Welcome to Sott.net
Mon, 29 Aug 2016
The World for People who Think

Science & Technology


DNA and not RNA is the main repository of genetic information

© Huiqing Zhou, Duke University
The DNA double helix (shown on the left) can contort itself into different shapes to absorb chemical damage to the basic building blocks (A, G, C and T, depicted by a black dot) of genetic code. In contrast, an RNA double helix (shown on the right) is so rigid and unyielding that rather than accommodating damaged bases, it falls apart completely.
Durham, NC - A new study could explain why DNA and not RNA, its older chemical cousin, is the main repository of genetic information. The DNA double helix is a more forgiving molecule that can contort itself into different shapes to absorb chemical damage to the basic building blocks -- A, G, C and T -- of genetic code. In contrast, when RNA is in the form of a double helix it is so rigid and unyielding that rather than accommodating damaged bases, it falls apart completely.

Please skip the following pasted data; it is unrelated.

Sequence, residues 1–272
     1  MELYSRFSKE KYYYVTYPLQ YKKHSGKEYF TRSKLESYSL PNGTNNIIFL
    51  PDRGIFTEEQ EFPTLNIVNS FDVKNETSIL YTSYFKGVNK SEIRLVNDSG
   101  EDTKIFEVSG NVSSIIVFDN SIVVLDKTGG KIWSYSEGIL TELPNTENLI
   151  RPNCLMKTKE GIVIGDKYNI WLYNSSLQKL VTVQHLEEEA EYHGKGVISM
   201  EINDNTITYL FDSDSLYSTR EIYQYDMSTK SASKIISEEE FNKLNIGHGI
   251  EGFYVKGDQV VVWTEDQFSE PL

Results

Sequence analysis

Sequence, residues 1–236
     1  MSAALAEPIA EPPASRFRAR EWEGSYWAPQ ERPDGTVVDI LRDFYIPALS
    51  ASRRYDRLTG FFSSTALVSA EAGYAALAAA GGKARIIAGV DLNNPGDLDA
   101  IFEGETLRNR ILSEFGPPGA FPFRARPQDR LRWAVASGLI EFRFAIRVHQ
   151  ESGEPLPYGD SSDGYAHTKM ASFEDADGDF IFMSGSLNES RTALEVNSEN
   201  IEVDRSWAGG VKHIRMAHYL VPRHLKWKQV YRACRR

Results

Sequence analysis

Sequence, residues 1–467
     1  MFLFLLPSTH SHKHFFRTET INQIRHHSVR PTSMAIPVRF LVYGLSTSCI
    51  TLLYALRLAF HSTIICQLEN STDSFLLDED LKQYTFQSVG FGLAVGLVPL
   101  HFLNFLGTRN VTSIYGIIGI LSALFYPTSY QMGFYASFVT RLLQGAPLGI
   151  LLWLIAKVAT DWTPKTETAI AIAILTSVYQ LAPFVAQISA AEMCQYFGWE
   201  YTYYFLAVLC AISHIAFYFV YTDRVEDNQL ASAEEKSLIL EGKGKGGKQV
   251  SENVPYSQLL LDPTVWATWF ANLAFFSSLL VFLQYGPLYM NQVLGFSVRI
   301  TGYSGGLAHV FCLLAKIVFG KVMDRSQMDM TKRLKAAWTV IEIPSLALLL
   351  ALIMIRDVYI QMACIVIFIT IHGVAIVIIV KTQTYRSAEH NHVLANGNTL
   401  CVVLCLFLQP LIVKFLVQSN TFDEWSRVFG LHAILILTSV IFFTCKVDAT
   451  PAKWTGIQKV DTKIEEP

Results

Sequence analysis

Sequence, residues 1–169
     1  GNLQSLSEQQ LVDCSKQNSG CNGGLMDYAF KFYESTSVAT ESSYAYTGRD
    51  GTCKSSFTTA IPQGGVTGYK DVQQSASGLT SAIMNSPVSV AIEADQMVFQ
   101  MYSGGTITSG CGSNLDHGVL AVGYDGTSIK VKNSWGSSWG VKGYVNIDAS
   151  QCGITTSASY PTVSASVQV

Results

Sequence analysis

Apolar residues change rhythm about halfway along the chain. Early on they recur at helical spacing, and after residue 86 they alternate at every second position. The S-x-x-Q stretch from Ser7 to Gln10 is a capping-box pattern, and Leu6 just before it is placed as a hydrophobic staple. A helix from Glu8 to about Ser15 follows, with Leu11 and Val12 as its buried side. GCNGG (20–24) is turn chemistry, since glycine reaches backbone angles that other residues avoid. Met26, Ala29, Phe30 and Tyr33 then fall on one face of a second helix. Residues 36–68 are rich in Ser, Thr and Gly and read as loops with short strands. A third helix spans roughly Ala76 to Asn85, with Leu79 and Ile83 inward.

The research, published August 1, 2016 in the journal Nature Structural and Molecular Biology, underscores the dynamic nature of the DNA double helix, which is central to maintaining the stability of the genome and warding off ailments like cancer and aging. The finding will likely rewrite textbook coverage of the difference between the two purveyors of genetic information, DNA and RNA.

"There is an amazing complexity built into these simple beautiful structures, whole new layers or dimensions that we have been blinded to because we didn't have the tools to see them, until now," said Hashim M. Al-Hashimi, Ph.D., senior author of the study and professor of biochemistry at Duke University School of Medicine.

DNA's famous double helix is often depicted as a spiral staircase, with two long strands twisted around each other and steps composed of four chemical building blocks called bases.